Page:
I hear many native speakers dropping auxiliary verbs when asking questions. For instance, I hear them saying "How you doing?". Another example that came up to my ear recently: in the gym, I hear many native speakers say: "How many sets you got?" To ask about how many more sets you need a machine. This question doesn't sound well-structured. I think native speakers drop the "have", so the question was "How many sets have you got?" don't they?

How and when native speakers drop/not drop these auxiliary verbs when asking questions? Do "educated" native speakers speak like that also? Because someone told me that this language is used by noneducated people, but I'm not sure if this is true.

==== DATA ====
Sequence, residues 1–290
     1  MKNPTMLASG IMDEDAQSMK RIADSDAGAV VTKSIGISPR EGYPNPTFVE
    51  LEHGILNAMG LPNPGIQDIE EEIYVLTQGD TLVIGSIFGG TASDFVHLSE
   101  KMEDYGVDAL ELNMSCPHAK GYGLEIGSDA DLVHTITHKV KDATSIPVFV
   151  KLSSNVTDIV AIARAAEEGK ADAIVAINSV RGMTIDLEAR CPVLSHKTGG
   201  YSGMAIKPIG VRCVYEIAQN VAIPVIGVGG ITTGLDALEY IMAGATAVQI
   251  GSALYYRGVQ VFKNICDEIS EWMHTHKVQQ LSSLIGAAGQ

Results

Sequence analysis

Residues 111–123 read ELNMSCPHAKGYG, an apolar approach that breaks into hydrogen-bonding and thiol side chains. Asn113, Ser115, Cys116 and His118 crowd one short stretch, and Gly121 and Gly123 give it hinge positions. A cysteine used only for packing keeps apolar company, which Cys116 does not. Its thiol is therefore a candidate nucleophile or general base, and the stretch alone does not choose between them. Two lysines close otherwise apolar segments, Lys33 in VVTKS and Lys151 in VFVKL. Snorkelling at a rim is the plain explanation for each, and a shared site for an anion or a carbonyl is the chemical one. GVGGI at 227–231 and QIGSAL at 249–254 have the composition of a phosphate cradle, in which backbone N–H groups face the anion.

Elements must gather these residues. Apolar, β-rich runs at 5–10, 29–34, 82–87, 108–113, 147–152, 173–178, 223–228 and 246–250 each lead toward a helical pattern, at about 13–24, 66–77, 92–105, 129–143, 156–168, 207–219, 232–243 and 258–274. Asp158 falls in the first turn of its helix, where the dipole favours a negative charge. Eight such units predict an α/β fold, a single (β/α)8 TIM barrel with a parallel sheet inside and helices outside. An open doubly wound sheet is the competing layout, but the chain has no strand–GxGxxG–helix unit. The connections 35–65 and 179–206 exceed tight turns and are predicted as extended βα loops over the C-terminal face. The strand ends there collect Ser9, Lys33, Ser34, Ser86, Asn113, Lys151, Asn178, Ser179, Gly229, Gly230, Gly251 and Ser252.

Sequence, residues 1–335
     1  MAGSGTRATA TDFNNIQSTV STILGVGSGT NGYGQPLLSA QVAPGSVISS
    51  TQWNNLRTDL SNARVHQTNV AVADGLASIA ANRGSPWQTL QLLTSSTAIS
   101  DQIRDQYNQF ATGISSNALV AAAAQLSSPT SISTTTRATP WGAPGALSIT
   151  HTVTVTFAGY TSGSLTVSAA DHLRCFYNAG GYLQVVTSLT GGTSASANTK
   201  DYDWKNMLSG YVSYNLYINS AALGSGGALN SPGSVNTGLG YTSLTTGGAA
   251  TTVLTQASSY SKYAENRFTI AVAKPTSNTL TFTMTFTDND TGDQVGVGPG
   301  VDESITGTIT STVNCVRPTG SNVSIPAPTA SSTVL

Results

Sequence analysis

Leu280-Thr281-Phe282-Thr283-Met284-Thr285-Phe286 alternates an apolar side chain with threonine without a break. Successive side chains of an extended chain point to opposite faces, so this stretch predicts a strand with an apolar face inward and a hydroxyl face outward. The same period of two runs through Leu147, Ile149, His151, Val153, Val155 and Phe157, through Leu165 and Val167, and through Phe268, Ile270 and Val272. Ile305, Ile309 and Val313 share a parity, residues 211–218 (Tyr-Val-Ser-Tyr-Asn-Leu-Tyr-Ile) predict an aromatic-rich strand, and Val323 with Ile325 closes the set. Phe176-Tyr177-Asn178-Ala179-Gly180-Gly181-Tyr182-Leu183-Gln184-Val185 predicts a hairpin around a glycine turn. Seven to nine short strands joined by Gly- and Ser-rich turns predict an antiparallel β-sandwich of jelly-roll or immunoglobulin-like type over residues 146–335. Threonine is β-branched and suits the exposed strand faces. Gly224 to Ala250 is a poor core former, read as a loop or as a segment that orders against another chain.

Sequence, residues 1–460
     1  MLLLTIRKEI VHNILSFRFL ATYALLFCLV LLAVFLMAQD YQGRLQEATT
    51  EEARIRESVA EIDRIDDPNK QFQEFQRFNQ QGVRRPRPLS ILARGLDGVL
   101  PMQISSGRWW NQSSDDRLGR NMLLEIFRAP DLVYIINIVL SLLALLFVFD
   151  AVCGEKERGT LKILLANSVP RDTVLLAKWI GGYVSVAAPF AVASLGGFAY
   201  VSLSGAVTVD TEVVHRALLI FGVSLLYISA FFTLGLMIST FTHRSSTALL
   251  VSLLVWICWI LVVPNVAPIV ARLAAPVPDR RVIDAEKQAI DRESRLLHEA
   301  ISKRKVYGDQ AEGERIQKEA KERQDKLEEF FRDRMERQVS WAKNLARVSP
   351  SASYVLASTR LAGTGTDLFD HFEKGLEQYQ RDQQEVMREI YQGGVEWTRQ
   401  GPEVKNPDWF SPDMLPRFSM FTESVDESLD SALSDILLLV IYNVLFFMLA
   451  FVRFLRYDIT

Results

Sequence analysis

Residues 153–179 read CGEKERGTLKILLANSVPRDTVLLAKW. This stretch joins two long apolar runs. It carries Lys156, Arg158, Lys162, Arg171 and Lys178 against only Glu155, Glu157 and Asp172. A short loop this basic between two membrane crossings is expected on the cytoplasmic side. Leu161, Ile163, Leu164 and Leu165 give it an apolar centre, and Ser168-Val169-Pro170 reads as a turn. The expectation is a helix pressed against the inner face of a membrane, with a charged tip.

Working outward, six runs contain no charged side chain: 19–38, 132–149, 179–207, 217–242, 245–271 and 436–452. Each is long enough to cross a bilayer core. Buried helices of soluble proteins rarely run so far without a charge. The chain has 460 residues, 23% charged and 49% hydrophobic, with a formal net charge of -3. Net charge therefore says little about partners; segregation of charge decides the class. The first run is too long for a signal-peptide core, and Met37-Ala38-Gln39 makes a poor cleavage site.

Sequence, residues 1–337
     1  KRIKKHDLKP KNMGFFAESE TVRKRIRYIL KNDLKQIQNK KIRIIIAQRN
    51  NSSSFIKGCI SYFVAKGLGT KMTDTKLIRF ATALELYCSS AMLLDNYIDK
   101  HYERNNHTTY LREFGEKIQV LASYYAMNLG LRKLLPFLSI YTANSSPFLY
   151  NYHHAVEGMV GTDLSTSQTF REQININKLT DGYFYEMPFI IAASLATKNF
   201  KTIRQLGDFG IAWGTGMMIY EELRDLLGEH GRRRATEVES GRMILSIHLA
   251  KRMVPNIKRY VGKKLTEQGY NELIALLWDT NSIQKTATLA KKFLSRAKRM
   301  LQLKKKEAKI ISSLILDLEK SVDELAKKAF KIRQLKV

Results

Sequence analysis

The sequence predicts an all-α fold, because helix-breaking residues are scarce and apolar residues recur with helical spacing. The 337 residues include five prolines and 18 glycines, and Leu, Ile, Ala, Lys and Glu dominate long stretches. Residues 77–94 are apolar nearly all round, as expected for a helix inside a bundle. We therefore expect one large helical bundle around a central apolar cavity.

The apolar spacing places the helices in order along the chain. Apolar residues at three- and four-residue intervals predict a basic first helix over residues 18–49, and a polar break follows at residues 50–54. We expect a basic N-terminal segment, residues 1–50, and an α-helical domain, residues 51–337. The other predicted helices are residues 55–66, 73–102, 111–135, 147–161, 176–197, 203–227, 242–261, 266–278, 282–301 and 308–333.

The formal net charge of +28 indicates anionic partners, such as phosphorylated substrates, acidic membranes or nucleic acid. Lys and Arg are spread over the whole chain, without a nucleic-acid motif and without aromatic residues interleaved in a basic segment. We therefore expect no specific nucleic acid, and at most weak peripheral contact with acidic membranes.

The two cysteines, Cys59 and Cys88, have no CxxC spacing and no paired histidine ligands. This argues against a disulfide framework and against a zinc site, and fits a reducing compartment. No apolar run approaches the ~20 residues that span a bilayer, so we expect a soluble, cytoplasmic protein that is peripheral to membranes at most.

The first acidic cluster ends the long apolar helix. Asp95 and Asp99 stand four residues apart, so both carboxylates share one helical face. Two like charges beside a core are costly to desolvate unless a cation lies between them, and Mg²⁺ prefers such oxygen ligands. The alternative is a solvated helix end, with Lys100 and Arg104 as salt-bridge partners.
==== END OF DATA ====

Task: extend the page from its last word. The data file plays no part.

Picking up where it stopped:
• Possible duplicate of Use "got" or "have got"?
    – Eddie Kal
    Commented Oct 10, 2018 at 23:59
  • @EddieKal I don't think so, see the edit, please. The question you referred answers a part of my question though.
    – hbak
    Commented Oct 11, 2018 at 0:06
  • Okay, that's fine. I am just suggesting additional information to you.
    – Eddie Kal
    Commented Oct 11, 2018 at 0:10

1 Answer 1


Dropping the auxiliary verbs is nonstandard but somewhat common. "How you doing?" is a particularly common idiomatic case. The use of "got" is also a bit nonstandard. A more formal sentence might be "How many sets do you have?". People who are more inclined to formal speech patterns (possibly as a result of education level) will be less likely to omit the auxiliary verbs.

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